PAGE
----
Friday, August 10, 2007

Mine Your Own Business

I've just finished watching the documentary film "Mine Your Own Business". It is made by the former Financial Times correspondent to Romania and Bulgaria and examines environmentalist campaigns against mining projects.

It restates a common complaint against environmentalists: that those who claim to be defending local interests have a deep arrogance in telling those locals what their interests are. However, it also illustrates how innacurate the picture presented to the world by the green campaigners often is.

He shows how the inhabitants of a Romanian village that is going to have a mining project built do not prefer horse and cart to cars and were not forced from their homes but gratefully sold; how the village is not a pristine environment risking destruction at the hands of greedy foreigners but an already damaged environment that needs investment to avoid becoming a wasteland and that claims that the villagers can do equally well out of tourism or farming are deeply spurious. It shows how the best friends of environmentalists fighting a mining project in Latin America are landowners worried that the new project will offer their workers an escape from poverty wages. In short, it shows that the claims of foreign environmentalists are often entirely disconnected from reality.

It is highly credible to me thanks to my own experience of this kind of thing in a different setting. When I was a fair bit younger, 17 I think, I went to Lake Baikal in Siberia on a programme with an organisation called Earthwatch. Essentially, it attached me as a helper to an expedition monitoring pollutants in the lake, one of the largest bodies of freshwater in the world.

While we were out there they showed us a Greenpeace film. It upset the woman who hosted us. It showed the lake dying, poisoned. However, the man leading our expedition, an amazing sixty year old who had smoked for decades but still outpaced a group of us many of whom were half his age, gave a different account. He had spent decades studying the lake and told us in a matter of fact tone that what was presented on the film was entirely untrue. While Lake Baikal is a lake one would expect to become polluted as most of Mongolia's industry discharges into a river that feeds it things have not turned out that way; it is incredibly clean. It is much purer than even bottled water in the West and I quickly got used to filling my water bottle straight from the lake. Some kind of natural filter operates to keep the lake so clean.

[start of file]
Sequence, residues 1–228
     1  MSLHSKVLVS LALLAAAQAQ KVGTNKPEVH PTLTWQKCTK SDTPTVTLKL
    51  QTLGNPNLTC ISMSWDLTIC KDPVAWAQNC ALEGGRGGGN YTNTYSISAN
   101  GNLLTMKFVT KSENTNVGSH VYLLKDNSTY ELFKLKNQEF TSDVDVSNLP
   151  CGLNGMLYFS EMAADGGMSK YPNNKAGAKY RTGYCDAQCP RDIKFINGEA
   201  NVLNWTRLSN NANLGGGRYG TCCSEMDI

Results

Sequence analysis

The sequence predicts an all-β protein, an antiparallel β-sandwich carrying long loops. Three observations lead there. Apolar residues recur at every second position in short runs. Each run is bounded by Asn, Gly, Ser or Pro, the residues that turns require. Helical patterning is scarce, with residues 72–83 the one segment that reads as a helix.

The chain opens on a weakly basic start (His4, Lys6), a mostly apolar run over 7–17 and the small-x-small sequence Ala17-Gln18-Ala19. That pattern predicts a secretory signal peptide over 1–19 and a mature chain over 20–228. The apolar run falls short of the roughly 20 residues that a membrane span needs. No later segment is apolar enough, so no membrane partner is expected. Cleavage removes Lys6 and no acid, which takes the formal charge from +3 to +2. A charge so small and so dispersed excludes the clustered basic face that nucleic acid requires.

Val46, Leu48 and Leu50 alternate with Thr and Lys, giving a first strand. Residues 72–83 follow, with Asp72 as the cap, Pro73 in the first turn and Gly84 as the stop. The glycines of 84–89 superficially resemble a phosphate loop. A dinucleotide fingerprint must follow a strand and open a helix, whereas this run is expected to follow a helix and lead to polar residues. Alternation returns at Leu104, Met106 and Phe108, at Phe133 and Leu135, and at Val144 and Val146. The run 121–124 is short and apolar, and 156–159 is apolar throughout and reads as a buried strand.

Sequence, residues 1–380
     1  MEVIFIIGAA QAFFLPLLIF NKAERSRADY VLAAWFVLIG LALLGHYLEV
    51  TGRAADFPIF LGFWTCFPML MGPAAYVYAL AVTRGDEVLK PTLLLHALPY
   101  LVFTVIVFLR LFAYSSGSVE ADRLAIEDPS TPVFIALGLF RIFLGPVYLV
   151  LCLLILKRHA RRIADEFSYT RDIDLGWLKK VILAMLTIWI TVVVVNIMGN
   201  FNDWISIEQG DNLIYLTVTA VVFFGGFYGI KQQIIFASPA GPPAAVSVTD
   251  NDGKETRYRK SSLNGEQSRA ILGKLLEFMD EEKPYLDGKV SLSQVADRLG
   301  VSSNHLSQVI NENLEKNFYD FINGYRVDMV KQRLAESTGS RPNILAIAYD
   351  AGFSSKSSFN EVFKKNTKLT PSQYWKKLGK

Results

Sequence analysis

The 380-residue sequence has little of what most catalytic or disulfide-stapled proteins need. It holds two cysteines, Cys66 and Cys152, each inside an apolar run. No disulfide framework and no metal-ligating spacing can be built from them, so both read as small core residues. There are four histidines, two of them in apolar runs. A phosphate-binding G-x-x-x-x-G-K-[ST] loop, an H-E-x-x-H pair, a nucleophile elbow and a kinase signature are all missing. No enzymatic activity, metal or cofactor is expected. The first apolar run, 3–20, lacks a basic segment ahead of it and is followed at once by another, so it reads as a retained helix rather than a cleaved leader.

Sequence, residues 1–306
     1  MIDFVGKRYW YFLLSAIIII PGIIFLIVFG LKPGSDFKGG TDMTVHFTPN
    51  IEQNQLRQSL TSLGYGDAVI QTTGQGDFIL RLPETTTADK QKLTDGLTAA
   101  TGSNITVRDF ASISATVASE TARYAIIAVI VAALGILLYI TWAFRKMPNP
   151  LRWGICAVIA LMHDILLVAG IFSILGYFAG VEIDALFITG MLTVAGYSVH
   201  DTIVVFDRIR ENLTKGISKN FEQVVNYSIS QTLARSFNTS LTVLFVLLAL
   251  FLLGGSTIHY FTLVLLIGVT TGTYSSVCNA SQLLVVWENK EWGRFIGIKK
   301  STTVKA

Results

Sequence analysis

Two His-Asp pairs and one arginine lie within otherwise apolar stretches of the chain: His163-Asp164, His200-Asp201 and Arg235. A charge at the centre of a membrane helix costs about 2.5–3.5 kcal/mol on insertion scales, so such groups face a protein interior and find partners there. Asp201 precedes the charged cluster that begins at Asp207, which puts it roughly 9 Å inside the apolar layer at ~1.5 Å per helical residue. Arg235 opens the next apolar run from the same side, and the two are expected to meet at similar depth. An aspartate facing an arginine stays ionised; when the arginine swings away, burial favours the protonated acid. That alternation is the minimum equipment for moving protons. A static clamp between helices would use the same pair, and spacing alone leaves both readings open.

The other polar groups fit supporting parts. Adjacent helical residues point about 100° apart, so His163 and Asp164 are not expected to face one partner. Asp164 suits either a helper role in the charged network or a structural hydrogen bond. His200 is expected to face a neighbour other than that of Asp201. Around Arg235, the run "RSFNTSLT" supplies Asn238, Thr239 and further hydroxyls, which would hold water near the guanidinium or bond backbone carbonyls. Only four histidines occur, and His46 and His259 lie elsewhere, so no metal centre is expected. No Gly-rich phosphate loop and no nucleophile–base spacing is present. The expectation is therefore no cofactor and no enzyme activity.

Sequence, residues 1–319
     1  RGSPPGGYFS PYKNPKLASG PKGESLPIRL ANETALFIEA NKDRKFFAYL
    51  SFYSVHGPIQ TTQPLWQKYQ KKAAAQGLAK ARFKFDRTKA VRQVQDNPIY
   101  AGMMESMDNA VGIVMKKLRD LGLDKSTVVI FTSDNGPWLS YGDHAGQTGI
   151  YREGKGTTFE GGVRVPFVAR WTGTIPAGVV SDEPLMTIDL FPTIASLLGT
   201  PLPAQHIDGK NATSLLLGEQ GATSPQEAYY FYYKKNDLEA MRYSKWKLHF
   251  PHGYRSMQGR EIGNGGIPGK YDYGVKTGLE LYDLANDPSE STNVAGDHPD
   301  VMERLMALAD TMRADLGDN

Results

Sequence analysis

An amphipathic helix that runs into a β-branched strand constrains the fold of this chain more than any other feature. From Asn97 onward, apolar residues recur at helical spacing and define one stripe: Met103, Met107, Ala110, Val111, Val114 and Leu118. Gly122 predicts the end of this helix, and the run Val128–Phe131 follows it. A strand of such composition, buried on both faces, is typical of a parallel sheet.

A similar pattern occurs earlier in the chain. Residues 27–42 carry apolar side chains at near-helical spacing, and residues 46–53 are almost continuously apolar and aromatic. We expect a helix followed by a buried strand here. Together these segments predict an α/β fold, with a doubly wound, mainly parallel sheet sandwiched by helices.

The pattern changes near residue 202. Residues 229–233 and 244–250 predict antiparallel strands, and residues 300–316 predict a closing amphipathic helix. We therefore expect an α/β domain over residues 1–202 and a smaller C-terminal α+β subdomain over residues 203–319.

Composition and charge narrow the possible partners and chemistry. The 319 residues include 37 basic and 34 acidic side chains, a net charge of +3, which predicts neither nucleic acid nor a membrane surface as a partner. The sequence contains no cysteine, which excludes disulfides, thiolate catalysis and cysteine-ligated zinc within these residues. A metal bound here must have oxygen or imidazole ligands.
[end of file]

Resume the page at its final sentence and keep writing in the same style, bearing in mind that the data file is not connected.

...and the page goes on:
Our scientist was attempting to work out how that filter operated, and whether it would continue to function. Greenpeace were ignoring reality and communicating a fiction to the outside world. That other environmental activists will do the same in other situations seems entirely credible to me. Mine Your Own Business shows the consequences: communities needlessly denied the chance of a more comfortable and hopeful life.

Thursday, August 09, 2007

The Hidden Costs of the Olympics: £4 billion in construction inflation

I have a new TaxPayers' Alliance report out today looking at the implications of the Olympics for construction inflation. As I said:

“Increasing the cost of construction in London and the South East is not only hazardous to the health of the British economy but also imperils the objective of getting enough new homes built to make things easier for first-time buyers. The bigger the bill for the Olympics becomes, the more damaging this knock-on hidden cost will be.”

This has led to my first front-page quote, in today's Metro. Good times.

Wednesday, August 08, 2007

Giuliani talking to Charlie Rose

This interview is superb. Very impressive showing by Giuliani.

It also shows how the long, non-confrontational interview style that 18DoughtyStreet (which I was on again yesterday evening, the episode of Vox Politix on council tax) is going for can work and become far more informative than the combative Paxman style, although Paxman's approach clearly has its uses. What both methods of interview require is a superbly informed and prepared interviewer. Charlie Rose is clearly a master of the art.

Monday, August 06, 2007

William Dalrymple's suspect economic history

William Dalrymple's article for the Telegraph is full of historical detail which makes it a pleasure to read. However, his analysis of the big picture appears weak to me.

A few criticisms: